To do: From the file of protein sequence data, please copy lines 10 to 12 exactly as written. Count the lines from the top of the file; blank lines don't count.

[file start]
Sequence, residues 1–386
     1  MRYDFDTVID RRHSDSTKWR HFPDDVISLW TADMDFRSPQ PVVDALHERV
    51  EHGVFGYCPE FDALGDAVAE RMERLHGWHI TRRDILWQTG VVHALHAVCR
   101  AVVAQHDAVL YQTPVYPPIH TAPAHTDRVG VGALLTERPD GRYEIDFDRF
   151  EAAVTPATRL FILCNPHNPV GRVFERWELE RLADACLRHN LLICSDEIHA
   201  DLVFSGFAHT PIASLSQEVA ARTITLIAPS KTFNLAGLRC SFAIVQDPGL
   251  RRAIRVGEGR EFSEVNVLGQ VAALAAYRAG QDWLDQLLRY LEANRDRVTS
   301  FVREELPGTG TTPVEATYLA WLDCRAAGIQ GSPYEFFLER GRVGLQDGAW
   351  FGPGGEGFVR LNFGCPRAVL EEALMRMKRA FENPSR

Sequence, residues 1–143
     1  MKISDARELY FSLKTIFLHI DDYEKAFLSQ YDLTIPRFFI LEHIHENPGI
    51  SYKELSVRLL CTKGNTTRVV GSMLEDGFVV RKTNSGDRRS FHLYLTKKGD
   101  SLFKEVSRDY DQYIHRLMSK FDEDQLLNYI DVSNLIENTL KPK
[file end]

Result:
Sequence, residues 1–143
     1  MKISDARELY FSLKTIFLHI DDYEKAFLSQ YDLTIPRFFI LEHIHENPGI
    51  SYKELSVRLL CTKGNTTRVV GSMLEDGFVV RKTNSGDRRS FHLYLTKKGD